WHITESVILLE, WV (LOOTPRESS) – Mountaineer Drug, Inc. (“MDI”), which operated a pharmacy in Whitesville, Boone County, has agreed to pay civil monetary penalties to resolve allegations that the pharmacy violated the Controlled Substances Act (CSA) by filling illegitimate prescriptions.
MDI ceased operations at the Whitesville location in October 2019 during the course of the federal investigation. Pursuant to the terms of the settlement agreement, MDI agreed to pay $250,000 to resolve allegations that from in or about January 2015 to in or about January 2019, the pharmacy filled prescriptions for Schedule II and Schedule III controlled substances from the Whitesville location that were not valid.
The United States contends that during this time MDI filled these prescriptions “knowing or having reason to know that they were not written for a legitimate purpose in violation of 21 C.F.R. §§ 1306.04(a) and 1306.06 and 21 U.S.C. § 842(a)(1),” according to the settlement agreement. The CSA prohibits the distribution or dispensing of a controlled substance without a valid prescription.
A valid prescription for a controlled substance must be issued for a legitimate medical purpose by an individual practitioner acting in the usual course of his or her practice. Based on the investigation, the United States maintains that MDI’s pharmacists knew or had reason to know that patients had presented illegitimate prescriptions that should not have been filled.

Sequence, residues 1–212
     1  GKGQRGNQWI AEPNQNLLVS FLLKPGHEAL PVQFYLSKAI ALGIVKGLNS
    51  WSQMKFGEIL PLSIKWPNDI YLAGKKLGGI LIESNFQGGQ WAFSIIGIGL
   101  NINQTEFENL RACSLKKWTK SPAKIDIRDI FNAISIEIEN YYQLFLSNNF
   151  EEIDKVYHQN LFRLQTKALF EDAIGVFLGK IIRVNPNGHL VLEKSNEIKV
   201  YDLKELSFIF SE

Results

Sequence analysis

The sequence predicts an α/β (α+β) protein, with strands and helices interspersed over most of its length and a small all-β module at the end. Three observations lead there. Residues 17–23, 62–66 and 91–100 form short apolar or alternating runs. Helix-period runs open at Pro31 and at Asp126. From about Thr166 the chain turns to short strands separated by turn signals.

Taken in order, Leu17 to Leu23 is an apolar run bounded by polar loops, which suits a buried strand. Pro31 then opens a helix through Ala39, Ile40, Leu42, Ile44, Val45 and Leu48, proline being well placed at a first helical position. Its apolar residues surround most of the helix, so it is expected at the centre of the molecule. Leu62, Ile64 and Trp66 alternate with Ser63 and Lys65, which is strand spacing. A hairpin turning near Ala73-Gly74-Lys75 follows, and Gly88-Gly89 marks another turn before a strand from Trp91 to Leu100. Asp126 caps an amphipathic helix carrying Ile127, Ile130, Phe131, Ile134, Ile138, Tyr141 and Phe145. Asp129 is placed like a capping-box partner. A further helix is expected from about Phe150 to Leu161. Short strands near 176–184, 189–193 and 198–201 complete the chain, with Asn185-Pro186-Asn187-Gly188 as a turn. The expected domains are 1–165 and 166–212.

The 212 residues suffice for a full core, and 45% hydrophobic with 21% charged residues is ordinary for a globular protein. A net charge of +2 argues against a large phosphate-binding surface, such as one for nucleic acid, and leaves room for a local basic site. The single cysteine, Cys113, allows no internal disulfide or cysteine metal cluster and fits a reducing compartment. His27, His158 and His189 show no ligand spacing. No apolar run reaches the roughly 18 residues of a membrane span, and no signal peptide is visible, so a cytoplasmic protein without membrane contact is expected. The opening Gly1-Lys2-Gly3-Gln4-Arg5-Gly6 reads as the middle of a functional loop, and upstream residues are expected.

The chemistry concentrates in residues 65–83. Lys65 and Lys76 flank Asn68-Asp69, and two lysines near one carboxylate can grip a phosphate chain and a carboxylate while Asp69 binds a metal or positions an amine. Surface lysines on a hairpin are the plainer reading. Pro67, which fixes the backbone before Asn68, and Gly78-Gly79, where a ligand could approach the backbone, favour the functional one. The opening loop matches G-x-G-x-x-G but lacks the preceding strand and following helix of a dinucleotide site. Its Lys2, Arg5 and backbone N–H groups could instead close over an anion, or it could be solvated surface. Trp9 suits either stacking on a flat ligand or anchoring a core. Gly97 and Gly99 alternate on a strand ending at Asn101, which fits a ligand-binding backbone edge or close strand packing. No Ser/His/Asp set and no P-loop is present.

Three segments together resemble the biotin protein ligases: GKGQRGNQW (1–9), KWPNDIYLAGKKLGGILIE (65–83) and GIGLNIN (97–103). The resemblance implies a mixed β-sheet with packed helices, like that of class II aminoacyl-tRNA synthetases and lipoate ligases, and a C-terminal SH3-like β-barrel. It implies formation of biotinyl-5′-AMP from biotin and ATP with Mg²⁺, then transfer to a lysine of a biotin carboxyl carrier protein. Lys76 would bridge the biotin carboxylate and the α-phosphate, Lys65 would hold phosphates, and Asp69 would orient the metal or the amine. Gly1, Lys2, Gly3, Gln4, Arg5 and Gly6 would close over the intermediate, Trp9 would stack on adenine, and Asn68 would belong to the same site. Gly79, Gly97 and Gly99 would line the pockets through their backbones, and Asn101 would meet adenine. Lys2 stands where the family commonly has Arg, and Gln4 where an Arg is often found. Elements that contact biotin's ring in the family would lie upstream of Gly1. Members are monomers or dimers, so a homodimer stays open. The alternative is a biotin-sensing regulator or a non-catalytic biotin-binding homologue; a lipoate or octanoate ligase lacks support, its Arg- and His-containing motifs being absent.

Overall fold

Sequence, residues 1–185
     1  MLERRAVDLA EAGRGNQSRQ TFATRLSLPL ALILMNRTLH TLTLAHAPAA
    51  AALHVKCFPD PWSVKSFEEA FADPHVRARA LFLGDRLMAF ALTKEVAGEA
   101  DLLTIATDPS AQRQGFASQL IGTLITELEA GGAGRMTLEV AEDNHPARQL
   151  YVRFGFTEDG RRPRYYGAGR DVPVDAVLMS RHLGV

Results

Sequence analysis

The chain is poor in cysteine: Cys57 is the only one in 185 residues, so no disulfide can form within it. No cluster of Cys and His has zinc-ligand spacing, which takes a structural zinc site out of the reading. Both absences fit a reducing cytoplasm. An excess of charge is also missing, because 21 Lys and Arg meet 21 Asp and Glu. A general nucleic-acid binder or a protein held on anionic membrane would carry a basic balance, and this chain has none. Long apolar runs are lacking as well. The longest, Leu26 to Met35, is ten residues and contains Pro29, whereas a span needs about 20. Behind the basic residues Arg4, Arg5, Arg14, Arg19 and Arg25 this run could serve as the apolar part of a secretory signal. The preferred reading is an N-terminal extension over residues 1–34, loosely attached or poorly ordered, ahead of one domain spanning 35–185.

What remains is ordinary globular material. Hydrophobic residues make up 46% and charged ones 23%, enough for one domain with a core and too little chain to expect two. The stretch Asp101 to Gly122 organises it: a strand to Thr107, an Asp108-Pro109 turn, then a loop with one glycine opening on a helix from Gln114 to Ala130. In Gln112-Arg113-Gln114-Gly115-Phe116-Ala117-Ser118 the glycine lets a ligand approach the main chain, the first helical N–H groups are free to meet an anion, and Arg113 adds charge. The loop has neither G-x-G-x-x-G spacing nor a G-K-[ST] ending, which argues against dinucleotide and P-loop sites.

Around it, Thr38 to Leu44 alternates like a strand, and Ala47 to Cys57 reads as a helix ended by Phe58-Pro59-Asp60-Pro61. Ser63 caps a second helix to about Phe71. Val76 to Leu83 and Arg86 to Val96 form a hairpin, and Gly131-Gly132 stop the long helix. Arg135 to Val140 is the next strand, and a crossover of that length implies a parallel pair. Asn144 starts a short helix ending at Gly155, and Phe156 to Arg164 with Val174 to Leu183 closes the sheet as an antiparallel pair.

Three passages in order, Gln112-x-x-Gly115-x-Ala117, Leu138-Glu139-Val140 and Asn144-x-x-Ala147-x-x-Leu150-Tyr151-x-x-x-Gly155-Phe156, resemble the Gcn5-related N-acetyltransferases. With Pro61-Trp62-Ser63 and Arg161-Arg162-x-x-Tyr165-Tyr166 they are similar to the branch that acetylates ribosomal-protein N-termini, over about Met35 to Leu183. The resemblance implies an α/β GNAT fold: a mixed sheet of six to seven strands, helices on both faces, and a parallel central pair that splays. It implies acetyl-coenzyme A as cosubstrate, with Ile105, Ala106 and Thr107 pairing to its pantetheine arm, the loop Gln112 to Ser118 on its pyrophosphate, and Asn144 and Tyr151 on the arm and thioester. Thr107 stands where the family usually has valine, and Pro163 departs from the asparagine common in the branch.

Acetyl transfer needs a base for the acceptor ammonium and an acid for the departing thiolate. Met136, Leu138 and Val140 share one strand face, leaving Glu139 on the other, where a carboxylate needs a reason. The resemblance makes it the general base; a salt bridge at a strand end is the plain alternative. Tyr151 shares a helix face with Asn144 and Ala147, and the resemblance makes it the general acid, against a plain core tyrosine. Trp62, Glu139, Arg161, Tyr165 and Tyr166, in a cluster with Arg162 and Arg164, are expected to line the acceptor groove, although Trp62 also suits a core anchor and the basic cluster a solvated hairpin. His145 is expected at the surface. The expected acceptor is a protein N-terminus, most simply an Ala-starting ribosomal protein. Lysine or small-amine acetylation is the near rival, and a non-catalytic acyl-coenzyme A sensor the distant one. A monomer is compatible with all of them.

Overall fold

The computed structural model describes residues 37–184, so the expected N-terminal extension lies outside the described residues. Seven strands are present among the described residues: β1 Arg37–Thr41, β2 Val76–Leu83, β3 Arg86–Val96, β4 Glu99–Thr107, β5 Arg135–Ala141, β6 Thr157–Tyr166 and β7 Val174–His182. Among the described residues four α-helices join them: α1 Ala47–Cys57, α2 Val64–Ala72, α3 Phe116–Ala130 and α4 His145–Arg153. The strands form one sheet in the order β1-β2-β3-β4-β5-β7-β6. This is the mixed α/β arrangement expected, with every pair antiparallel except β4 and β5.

“The U.S. Attorney’s Office in the Southern District of West Virginia is committed to putting an end to drug diversion and to working with our partners at DEA and HHS-OIG to hold all DEA registrants accountable,” said Acting United States Attorney Lisa G. Johnston.
“As our nation reels from a staggering rise in overdose deaths, the Drug Enforcement Administration remains committed to stopping those unscrupulous medical professionals who put personal greed above patient care,” said Special Agent in Charge Todd Scott, head of DEA’s Louisville Division.
“Pharmacists play an important role in health care and are expected to review prescriptions carefully,” said Maureen Dixon, Special Agent in Charge for the Office of Inspector General of the U.S. Department of Health and Human Services (HHS-OIG). “We will continue to work with our partners at the U.S. Attorney’s Office and the DEA to investigate allegations of illegitimate prescriptions.
The case was handled by Assistant United States Attorneys Alan G. McGonigal and Gregory P. Neil.
The settlement is a result of the United States Attorney’s Healthcare Fraud Abuse, Recovery and Response Team (ARREST), an innovative approach linking civil and criminal enforcement efforts together in a comprehensive attack on the opioid epidemic and healthcare fraud.
A copy of this press release is located on the website of the U.S. Attorney’s Office for the Southern District of West Virginia.